Mike Fahey: Living with Jazz, my deaf-aware dog

Posted on May 27, 2015

I always love my daily walks with my 5 year old border collie Jazz.

She is my fitness trainer, she makes me get up and go, no excuses allowed. If you own a dog you have to exercise them, especially a border collie – she would walk all day if she could and then come back for more.

Jazz however, has been more than a way to keep the middle aged spread at bay. Being profoundly deaf most of my life, going for a walk has never been a straightforward; take it for granted type of thing, I have lost count of the number of times people on bicycles have run into the back of me simply because I was not able to hear them frantically ringing their bell and shouting a warning.

When we got Jazz, things slowly began to change for me, Jazz seemed to realise there was a problem and she became ultra alert to approaching bikers.

I don’t know if in her doggy mind she was thinking “I love it when this happens…it’s so funny!” but I became aware of the change in mannerisms. She would stop what she was doing; look at me and then the approaching bike, ears pricked.

After a while I used this awareness to train her to alert me to approaching bikes. If I saw one approaching from the front I made her sit, after the bike had gone past I praised her and gave her a treat. As time went on she would sit as soon as she noticed a bike coming from the front and, more importantly, from the rear.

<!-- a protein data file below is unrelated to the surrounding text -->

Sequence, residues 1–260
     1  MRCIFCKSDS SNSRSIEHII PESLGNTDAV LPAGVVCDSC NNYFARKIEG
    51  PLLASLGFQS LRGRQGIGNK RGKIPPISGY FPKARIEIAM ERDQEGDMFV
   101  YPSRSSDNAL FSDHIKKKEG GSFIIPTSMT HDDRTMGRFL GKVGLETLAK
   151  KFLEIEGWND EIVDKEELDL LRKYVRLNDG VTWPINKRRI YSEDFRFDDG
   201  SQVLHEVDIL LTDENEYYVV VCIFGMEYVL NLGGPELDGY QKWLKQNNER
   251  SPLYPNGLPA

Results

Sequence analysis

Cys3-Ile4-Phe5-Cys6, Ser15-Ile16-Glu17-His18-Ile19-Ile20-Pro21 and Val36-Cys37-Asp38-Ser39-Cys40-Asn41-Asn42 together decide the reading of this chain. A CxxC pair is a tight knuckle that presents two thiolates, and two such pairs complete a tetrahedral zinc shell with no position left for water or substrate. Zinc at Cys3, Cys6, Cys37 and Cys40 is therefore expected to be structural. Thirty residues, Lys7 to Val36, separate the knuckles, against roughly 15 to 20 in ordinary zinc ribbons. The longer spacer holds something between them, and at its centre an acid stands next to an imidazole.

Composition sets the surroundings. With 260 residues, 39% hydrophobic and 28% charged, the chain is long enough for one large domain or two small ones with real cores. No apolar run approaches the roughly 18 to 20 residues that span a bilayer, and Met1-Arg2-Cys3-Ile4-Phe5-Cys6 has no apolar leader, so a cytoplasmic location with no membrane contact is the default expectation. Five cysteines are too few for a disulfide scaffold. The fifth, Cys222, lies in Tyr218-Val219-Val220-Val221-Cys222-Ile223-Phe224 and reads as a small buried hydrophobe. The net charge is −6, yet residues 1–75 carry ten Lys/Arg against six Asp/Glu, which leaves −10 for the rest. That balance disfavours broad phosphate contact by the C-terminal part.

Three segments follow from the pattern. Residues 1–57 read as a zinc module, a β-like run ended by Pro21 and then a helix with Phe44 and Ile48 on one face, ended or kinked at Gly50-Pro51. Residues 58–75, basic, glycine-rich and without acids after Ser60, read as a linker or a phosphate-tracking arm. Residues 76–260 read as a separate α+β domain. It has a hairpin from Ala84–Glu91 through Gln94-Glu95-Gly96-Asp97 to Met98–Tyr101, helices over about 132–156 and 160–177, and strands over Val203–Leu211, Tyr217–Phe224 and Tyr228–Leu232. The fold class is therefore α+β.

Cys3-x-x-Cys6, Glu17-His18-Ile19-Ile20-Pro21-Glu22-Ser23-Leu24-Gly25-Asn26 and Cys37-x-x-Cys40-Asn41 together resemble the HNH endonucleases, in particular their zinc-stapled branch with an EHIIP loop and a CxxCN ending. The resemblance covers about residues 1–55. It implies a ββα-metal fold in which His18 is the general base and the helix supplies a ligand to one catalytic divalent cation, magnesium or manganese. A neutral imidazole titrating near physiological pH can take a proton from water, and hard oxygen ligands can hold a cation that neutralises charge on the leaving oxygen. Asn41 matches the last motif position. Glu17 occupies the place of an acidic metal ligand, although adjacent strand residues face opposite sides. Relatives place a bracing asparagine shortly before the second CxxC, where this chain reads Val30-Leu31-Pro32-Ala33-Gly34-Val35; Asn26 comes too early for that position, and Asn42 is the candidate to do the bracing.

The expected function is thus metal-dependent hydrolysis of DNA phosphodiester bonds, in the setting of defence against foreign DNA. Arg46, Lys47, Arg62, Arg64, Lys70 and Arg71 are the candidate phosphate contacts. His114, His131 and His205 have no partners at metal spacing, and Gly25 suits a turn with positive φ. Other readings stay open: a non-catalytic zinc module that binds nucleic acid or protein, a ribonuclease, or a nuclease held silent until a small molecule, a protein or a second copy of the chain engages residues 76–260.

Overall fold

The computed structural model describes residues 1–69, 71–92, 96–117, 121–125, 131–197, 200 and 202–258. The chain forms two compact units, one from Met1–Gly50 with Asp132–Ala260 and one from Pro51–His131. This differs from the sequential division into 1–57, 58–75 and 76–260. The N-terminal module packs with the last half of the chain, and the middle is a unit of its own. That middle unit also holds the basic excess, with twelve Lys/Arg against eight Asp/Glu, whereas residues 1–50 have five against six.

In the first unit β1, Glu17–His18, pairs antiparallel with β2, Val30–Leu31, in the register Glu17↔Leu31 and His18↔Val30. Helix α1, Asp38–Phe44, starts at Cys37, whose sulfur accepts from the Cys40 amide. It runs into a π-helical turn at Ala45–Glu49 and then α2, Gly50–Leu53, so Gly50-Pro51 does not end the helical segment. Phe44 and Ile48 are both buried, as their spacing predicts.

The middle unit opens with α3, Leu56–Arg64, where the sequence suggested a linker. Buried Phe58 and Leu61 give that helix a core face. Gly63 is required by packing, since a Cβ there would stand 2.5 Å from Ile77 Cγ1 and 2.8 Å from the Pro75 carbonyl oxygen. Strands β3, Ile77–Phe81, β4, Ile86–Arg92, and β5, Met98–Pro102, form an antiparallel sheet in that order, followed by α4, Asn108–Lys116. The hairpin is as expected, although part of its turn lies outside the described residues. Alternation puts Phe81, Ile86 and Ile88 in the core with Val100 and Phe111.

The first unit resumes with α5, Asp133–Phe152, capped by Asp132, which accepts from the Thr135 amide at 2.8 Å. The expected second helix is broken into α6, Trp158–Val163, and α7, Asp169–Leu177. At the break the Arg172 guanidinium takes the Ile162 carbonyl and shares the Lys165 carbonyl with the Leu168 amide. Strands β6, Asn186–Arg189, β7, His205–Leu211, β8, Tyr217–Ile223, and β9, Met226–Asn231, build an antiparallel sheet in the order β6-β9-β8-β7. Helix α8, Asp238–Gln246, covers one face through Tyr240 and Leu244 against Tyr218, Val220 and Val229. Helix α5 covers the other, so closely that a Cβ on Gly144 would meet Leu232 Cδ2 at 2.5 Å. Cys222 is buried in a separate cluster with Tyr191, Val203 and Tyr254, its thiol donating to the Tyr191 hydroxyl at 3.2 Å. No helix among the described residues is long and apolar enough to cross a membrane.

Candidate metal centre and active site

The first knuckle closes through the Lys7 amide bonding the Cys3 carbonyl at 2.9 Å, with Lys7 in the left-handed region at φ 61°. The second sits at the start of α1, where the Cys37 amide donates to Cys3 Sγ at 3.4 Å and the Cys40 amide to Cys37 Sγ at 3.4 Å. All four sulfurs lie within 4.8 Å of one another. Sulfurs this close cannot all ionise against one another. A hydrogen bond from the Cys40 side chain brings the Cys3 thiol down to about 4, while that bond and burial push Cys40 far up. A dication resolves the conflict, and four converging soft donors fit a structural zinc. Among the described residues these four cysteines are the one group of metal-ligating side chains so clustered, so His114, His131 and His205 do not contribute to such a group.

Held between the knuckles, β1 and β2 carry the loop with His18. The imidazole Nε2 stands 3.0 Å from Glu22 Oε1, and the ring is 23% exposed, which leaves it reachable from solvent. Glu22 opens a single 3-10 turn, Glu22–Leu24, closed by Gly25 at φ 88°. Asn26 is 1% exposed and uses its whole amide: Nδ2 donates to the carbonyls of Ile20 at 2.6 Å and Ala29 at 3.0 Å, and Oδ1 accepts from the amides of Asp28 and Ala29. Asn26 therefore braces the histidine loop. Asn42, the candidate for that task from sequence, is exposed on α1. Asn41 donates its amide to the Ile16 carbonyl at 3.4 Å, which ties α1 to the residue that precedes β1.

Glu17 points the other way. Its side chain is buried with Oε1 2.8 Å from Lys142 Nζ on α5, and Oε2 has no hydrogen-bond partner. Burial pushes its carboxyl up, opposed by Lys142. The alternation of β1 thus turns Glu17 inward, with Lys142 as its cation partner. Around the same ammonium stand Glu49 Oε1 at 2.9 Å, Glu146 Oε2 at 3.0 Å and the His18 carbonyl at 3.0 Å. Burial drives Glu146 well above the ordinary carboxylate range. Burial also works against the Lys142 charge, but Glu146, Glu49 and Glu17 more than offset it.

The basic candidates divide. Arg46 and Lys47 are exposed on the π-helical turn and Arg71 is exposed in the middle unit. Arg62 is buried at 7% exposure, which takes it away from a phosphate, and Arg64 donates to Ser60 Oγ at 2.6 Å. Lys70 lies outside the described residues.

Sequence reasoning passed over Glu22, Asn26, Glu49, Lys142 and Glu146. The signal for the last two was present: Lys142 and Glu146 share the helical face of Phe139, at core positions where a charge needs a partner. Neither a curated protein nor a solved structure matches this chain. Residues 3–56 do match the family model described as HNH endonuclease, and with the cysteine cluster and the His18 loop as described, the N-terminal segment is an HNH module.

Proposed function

She is not just a fitness trainer and biker alert though; she is also my wildlife expert. Before Jazz I walked along totally ignorant of the sound of… anything, to tell the truth.

If it was not visual it was not there as far as I was concerned, not through choice, but simply because I was deaf. It would have been a big, big animal coming crashing through the woods for me to see any wildlife on my walks.

Since the event of Jazz though, she has shown me deer, rabbits, birds, elephants, (elephants! That will teach you speed readers.. ) and she is like a rocket when she sees a squirrel… she never gives up until she is trying to climb the tree after it. It was a delightful change to become aware of all the different wildlife that is around me as I walk along.

Since November 2014, things changed once again, I became the latest recipient of a long awaited Cochlear Implant. Now don’t let anyone tell you different, I am still profoundly deaf, but with the help of my CI I can hear!

The sound of birds on my daily walks (oddly) drives me insane, as something that is supposed to be a delightful thing to hear, is at the moment, not! As I sit in my studio typing this I can hear the hum of the computer, the radio playing, the blackbirds screaming as they fight with the fat pigeon over the seeds on the bird table…

…and the soft snores of Jazz the dog, sleeping at my feet.

Mike is a semi-retired fine artist working from his home studio in Lancashire. As a profoundly deaf lip reader, he is just one of a large family with a genetic history of deafness. Mike attended a mainstream school before being transferred to a school for the deaf aged 11. He worked as a landscape gardener for thirty years and married Sara (who is hearing), then attended university as a mature student and gained a BA and MA in Fine Art. He is father to a son (hearing) and daughter (deaf on one side) and is currently preparing for cochlear implant surgery.

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